Monday, August 26, 2013
The Shrink(ing) Privilege, Take 3: Supreme Court of Alaska Grapples With Psychotherapist-Patient Privilege
Pursuant to Alaska Rule of Evidence 504(b),
A patient has a privilege to refuse to disclose and to prevent any other person from disclosing confidential communications made for the purpose of diagnosis or treatment of the patient's physical, mental or emotional conditions, including alcohol or drug addiction, between or among the patient, the patient's physician or psychotherapist, or persons who are participating in the diagnosis or treatment under the direction of the physician or psychotherapist, including members of the patient's family.
That said, Alaska Rule of Evidence 504(d)(1) provides that
As to communications relevant to the physical, mental or emotional condition of the patient in any proceeding in which the condition of the patient is an element of the claim or defense of the patient, of any party claiming through or under the patient, of any person raising the patient's condition as an element of that person's own case, or of any person claiming as a beneficiary of the patient through a contract to which the patient is or was a party; or after the patient's death, in any proceeding in which any party puts the condition in issue.
So, if plaintiffs seek damages for mental anguish, does Rule 504(d)(1) apply, meaning that the plaintiffs have waived the privilege contained in Rule 504(b)? Courts in other states addressing a similar issue have split on the issue. In Kennedy v. Municipality of Anchorage, 2013 WL 4399118 (Alaska 2013), the Supreme Court of Alaska resolved this issue as a matter of first impression in The Last Frontier.In Kennedy,
Two former police officers brought claims against the Municipality of Anchorage for racial discrimination, alleging a hostile work environment in violation of state law. The officers claimed damages for mental anguish, and the Municipality sought discovery concerning the nature of their mental anguish claims. But the officers refused to comply with these discovery requests, invoking the physician and psychotherapist privilege.
This led the trial court and eventually the Supreme Court of Alaska to need to address the issue of whether raising a claim for mental anguish triggers the waiver contained in Alaska Rule of Evidence 504(d)(1). I have written about the divergent approaches taken by other states on this issue. For instance, as I noted in this post,
there is a split among courts, with some courts taking a "narrow view" of waiver and some courts taking a "broad view."...An example of a court following the narrow view is the District Court for the Northern District of Illinois, which found that a plaintiff would waive the privilege if she put her state at mind at issue by having her psychotherapist testify that she suffered from emotional distress, see Allen v. Cook County Sheriff's Department, 1999 WL 168466 (N.D. Ill. 1999), but that a plaintiff would not waive the privilege merely by seeking damages for emotional distress resulting from a defendant's misconduct, see Hucko v. CIty of Oak Forest, 185 F.R.D. 526 (N.D. Ill. 1999).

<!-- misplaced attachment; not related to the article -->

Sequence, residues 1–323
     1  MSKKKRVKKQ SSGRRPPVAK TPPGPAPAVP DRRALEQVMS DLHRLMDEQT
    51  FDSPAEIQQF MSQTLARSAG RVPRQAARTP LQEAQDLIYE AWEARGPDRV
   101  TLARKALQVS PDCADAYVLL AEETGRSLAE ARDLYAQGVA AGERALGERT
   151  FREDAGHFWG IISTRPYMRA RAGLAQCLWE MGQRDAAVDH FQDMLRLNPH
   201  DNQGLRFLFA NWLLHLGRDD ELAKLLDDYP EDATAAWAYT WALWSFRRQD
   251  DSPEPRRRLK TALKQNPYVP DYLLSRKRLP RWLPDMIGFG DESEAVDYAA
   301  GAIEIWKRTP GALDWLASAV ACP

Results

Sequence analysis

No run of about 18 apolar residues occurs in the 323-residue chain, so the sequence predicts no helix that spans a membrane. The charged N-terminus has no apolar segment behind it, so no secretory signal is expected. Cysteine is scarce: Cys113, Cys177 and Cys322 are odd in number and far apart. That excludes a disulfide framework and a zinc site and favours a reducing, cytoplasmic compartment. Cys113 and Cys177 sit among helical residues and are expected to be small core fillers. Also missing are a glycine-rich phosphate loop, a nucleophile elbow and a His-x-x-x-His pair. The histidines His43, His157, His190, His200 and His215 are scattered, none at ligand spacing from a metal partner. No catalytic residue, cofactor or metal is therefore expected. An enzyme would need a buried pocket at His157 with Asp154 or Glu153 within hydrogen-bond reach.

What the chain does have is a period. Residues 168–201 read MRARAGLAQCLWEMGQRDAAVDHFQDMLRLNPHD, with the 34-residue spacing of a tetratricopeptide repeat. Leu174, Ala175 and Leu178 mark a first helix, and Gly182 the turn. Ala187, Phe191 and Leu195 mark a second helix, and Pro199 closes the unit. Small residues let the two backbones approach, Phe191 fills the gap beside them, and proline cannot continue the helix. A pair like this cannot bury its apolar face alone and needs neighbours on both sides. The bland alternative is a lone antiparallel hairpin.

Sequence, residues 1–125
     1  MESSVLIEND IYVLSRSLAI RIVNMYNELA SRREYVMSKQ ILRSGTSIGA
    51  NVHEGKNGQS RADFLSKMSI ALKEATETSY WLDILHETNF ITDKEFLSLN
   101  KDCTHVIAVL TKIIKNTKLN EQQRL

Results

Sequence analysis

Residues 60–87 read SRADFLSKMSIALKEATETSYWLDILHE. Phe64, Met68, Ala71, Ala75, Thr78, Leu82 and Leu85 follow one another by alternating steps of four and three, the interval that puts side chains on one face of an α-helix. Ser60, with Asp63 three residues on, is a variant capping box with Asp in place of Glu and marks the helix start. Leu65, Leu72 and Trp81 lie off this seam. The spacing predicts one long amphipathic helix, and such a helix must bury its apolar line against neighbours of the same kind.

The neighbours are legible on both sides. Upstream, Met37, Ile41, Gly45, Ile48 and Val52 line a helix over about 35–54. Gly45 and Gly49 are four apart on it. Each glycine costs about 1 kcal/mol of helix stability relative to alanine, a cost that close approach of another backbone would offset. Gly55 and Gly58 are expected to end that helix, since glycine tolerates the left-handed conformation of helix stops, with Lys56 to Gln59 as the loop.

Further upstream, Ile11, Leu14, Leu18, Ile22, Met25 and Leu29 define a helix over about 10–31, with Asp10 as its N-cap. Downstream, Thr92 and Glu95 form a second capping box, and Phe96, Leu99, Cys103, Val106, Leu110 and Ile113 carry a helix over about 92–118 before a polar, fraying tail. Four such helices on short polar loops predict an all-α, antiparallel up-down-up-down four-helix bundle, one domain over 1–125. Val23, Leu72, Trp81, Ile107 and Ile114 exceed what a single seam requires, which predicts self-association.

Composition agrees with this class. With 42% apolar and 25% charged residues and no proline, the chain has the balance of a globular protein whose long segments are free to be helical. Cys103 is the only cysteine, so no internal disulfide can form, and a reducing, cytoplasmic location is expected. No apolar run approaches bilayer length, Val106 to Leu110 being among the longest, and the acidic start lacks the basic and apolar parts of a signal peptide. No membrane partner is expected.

On the other hand, other courts take the broad view and hold that a plaintiff waives the privilege merely by seeking damages for emotional distress. See Jackson v. Chubb Corp., 193 F.R.D. 216 (D. N.J. 2000). Without any analysis, the court in Rose concluded that it would adopt the broad view and find that the psychotherapist-patient privilege was waived as to Rose's claims for emotional distress.
In Kennedy, the Supreme Court of Alaska noted this split and then reached the following conclusion:
We find the rationale underlying this narrower approach to waiver more persuasive. Garden-variety mental anguish claims are sufficiently limited in scope to alleviate the Municipality's concerns regarding fairness to defendants. If the officers do not allege that they have a medically diagnosable injury or that they have received treatment related to their emotional distress, the Municipality is entitled to bring this information to the jury's attention.
Moreover, wide-ranging inquiry into an individual's medical and psychiatric history could deter legitimate discrimination claims. Litigants should not be forced to choose between disclosing highly personal medical information and asserting claims for distress that any healthy individual would likely suffer as a result of discrimination. Our cautious approach should achieve an appropriate balance between a defendant's interest in fair disclosure, the privacy interest protected by the physician and psychotherapist privilege, and the societal values promoted by state law.